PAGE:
In 1834, Ross was promoted to captain. In December 1835, he offered his services to the Admiralty to resupply 11 whaling ships which had become trapped in Baffin Bay. They accepted his offer, and he set sail in HMS Cove in January 1836. The crossing was difficult, and by the time he had reached the last known position of the whalers in June, all but one had managed to return home. Ross found no trace of this last vessel, William Torr, which was probably crushed in the ice in December 1835.[3] He returned to Hull in September 1836 with all his crew in good health.

From 1835 to 1839, except for his voyage with Cove, he conducted a magnetic survey of Great Britain with Sir Edward Sabine.[citation needed]

Antarctic exploration[edit]

Ross expedition in the Antarctic, 1847, by John Carmichael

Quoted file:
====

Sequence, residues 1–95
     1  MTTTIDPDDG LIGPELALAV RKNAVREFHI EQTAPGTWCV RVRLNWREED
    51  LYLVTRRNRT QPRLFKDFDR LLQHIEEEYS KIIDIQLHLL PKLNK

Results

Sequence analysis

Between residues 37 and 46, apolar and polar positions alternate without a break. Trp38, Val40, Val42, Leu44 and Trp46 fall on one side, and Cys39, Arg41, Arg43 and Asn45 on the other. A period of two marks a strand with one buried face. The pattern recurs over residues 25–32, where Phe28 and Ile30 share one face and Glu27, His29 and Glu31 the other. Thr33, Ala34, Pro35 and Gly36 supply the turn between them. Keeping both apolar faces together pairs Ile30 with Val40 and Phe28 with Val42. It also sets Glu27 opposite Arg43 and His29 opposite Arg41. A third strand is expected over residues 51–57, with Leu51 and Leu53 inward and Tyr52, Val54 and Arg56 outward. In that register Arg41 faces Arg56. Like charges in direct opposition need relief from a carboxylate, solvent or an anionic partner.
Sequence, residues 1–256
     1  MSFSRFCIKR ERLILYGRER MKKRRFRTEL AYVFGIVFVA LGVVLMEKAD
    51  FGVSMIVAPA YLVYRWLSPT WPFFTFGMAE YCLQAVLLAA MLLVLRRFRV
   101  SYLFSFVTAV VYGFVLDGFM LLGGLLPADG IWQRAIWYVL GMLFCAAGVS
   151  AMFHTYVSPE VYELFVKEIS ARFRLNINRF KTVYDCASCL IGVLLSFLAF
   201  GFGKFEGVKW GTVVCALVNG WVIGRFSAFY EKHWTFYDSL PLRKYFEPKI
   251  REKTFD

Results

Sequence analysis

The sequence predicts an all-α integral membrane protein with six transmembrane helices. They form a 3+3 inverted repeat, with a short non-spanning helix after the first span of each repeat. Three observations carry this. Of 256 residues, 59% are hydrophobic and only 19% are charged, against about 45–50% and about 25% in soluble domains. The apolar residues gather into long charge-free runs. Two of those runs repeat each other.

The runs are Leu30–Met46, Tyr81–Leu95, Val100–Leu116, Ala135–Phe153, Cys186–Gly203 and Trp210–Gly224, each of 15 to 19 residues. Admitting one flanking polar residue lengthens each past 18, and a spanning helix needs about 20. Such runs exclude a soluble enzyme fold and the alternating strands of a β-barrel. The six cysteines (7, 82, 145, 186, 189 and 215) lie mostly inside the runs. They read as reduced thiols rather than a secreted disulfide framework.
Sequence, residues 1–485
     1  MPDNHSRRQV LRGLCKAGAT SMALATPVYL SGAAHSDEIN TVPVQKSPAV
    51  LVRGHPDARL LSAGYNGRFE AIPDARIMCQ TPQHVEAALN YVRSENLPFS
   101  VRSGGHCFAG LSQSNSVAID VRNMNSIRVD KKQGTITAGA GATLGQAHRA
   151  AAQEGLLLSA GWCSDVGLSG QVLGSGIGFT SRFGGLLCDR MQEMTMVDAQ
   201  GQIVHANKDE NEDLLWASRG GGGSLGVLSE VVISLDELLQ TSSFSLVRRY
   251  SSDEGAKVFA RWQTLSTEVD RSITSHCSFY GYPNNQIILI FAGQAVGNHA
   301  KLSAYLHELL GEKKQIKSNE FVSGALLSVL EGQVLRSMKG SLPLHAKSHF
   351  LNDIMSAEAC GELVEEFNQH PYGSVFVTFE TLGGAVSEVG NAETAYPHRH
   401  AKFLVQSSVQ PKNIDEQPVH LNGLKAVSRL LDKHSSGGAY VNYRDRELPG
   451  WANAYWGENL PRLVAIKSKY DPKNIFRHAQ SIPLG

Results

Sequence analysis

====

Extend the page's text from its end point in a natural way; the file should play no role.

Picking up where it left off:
Between 1839 and 1843, Ross commanded HMS Erebus on his own Antarctic expedition and charted much of the continent's coastline. Captain Francis Crozier was second-in-command of the expedition, commanding HMS Terror. Support for the expedition had been arranged by Francis Beaufort, hydrographer of the Navy and a member of several scientific societies. On the expedition was Joseph Dalton Hooker, who had been invited along as assistant ship's surgeon. Erebus and Terror were bomb vessels—an unusual type of warship named after the mortar bombs they were designed to fire and constructed with extremely strong hulls, to withstand the recoil of the heavy weapons. The ships were selected for the Antarctic mission as being able to resist thick ice, as proved true in practice.[4][5]